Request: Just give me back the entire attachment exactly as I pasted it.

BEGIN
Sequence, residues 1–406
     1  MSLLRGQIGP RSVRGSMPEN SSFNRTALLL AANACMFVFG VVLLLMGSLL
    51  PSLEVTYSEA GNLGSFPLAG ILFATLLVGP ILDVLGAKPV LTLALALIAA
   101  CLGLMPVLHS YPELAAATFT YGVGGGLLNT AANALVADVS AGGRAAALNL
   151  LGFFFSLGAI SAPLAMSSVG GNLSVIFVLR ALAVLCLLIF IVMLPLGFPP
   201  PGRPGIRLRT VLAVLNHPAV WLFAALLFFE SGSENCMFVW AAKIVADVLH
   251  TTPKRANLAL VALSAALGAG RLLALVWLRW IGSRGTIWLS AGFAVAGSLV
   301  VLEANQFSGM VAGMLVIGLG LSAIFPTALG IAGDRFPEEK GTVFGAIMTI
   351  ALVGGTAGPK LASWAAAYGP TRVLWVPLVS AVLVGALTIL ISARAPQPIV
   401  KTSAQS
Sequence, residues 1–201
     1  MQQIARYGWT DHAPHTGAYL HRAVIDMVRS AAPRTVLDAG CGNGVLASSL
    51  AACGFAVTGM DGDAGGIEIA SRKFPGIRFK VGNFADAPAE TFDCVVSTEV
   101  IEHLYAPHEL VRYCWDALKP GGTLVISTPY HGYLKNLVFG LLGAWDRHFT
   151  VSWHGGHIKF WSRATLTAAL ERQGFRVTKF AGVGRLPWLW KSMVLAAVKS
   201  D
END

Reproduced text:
Sequence, residues 1–406
     1  MSLLRGQIGP RSVRGSMPEN SSFNRTALLL AANACMFVFG VVLLLMGSLL
    51  PSLEVTYSEA GNLGSFPLAG ILFATLLVGP ILDVLGAKPV LTLALALIAA
   101  CLGLMPVLHS YPELAAATFT YGVGGGLLNT AANALVADVS AGGRAAALNL
   151  LGFFFSLGAI SAPLAMSSVG GNLSVIFVLR ALAVLCLLIF IVMLPLGFPP
   201  PGRPGIRLRT VLAVLNHPAV WLFAALLFFE SGSENCMFVW AAKIVADVLH
   251  TTPKRANLAL VALSAALGAG RLLALVWLRW IGSRGTIWLS AGFAVAGSLV
   301  VLEANQFSGM VAGMLVIGLG LSAIFPTALG IAGDRFPEEK GTVFGAIMTI
   351  ALVGGTAGPK LASWAAAYGP TRVLWVPLVS AVLVGALTIL ISARAPQPIV
   401  KTSAQS
Sequence, residues 1–201
     1  MQQIARYGWT DHAPHTGAYL HRAVIDMVRS AAPRTVLDAG CGNGVLASSL
    51  AACGFAVTGM DGDAGGIEIA SRKFPGIRFK VGNFADAPAE TFDCVVSTEV
   101  IEHLYAPHEL VRYCWDALKP GGTLVISTPY HGYLKNLVFG LLGAWDRHFT
   151  VSWHGGHIKF WSRATLTAAL ERQGFRVTKF AGVGRLPWLW KSMVLAAVKS
   201  D